The son of Robert Hayne of Thrussington, Leicestershire, he matriculated from Lincoln College, Oxford, on 12 October 1599. He was admitted B.A. on 23 January 1605, was appointed second under-master of Merchant Taylors’ School, London, in the same year, became usher at Christ’s Hospital in 1608, and commenced M.A. in 1612. He died on 27 July 1645, and was buried in Christ Church, London, where a monument, destroyed in the Great Fire of London, was erected to his memory. Anthony Wood describes him as a scholar particularly respected by John Selden.
By will dated 20 September 1640 he bequeathed his books to the library at Leicester, with the exception of a few which he left to the library at Westminster. He also gave £400, to buy land or houses for the maintenance of a schoolmaster at Thrussington to teach ten poor children, and bequeathed £42 yearly for the maintenance of two scholars in Lincoln College, Oxford. Other charitable bequests are included in his will.
Other gifts during his lifetime were towards the library of Sion College; and of Minuscule 69, a significant manuscript, to the Leicester library in 1640.
His works are:
* ‘Linguarum cognatio, seu de Linguis in genere et de Variorum Lingarum Harmoniii Dissertatio,’ London. 1639. Reprinted in Thomas Crenius’s ‘Analecta Philologico-Critico-Historica,’ Amsterdam, 1699.
* ‘Grammaticae Latine Compendium,’ London, 1640.
* ‘The equal wayes of God: for rectifying the unequal wayes of man. Briefly and clearly drawn from the sacred Scriptures. . . . Second edition, revised and . . . enlarged,’ London, 1640.
* ‘The Life and Death of Dr. Martin Luther, presented in an English dresse, out of the learned and laborious work of Melchior Adam,’ London, 1641.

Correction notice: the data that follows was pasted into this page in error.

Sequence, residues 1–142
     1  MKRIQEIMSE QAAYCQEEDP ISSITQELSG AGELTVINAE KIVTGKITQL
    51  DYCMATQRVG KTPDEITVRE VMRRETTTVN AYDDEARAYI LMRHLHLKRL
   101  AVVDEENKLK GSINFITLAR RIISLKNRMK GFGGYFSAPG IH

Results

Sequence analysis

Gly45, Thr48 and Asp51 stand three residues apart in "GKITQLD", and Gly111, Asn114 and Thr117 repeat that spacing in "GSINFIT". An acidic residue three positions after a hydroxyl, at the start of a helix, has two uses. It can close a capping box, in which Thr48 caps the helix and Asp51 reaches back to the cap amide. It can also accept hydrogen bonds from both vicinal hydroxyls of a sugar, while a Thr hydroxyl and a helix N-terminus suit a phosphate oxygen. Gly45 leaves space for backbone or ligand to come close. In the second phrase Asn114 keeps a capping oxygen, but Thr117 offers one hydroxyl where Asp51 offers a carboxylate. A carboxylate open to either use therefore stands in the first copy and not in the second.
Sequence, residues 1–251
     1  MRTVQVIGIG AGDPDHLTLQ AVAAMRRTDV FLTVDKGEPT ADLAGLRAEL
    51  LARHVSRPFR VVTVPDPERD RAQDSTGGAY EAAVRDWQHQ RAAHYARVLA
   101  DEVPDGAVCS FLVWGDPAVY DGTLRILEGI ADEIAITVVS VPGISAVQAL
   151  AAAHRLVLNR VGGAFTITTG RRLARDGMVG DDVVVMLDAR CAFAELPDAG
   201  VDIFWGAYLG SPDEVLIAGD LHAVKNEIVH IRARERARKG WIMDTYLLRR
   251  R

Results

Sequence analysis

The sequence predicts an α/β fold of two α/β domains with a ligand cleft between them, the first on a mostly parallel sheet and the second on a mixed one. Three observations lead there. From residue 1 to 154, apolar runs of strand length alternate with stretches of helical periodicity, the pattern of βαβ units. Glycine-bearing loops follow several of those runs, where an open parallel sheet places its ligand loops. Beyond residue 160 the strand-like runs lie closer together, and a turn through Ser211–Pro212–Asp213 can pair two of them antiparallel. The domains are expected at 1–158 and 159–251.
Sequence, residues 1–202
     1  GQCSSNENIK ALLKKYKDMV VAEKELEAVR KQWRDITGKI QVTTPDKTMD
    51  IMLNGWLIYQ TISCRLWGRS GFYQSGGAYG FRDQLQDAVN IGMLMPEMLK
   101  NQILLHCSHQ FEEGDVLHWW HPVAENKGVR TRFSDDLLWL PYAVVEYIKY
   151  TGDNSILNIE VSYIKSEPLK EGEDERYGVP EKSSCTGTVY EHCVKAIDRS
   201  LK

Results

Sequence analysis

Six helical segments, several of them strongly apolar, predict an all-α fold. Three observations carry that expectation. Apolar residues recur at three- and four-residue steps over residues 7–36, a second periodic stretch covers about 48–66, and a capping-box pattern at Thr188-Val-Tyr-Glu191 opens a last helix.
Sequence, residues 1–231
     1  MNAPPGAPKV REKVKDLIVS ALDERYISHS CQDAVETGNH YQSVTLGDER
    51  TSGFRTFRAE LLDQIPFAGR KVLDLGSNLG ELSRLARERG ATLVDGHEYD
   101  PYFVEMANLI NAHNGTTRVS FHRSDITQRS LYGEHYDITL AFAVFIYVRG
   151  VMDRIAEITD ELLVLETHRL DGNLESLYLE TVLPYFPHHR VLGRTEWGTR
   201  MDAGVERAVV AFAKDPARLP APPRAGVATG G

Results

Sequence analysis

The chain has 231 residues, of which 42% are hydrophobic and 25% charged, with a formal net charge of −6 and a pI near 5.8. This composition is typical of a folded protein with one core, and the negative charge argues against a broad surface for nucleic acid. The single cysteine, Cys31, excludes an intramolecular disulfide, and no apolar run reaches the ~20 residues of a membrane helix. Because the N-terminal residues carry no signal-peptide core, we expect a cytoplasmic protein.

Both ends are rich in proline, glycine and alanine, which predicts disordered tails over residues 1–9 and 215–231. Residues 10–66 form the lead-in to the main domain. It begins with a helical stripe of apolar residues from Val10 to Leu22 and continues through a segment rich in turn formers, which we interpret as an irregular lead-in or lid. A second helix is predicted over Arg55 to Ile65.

* ‘Of the Article of our Creed: Christ descended to Hades, or ad Inferos’ (anon.), London, 1642.
* ‘Christs Kingdome on Earth, opened according to the Scriptures. Herein is examined what Mr. Th. Brightman, Dr. J. Alstede, Mr. I. Mede, Mr. H. Archer, The Glympse of Sions Glory, and such as concurre in opinion with them, hold concerning the thousand years of the Saints Reign with Christ, and of Satans binding,’ London, 1645.
Hayne also published a ‘General view of the Holy Scriptures; or the Times, Places, and Persons of Holy Scripture,’ 2nd edit., much enlarged, London, 1640. The first edition of this anonymous book was called ‘Times, Places, & Persons of the holie Scriptures. Otherwise entituled, The General View of the Holy Scriptures’ London, 1607.
1. ^ Thomas Hayne in Venn, J. & J. A., Alumni Cantabrigienses, Cambridge University Press, 10 vols, 1922–1958.
2. ^ http://www.lambethpalacelibrary.org/files/2007_Annual_Review.pdf, p. 30.
3. ^ Ernest Harold Pearce, Sion College and Library (1913), p. 247.
4. ^ Bruce Manning Metzger, Manuscripts of the Greek Bible: an introduction to Greek palaeography (1981), p. 138.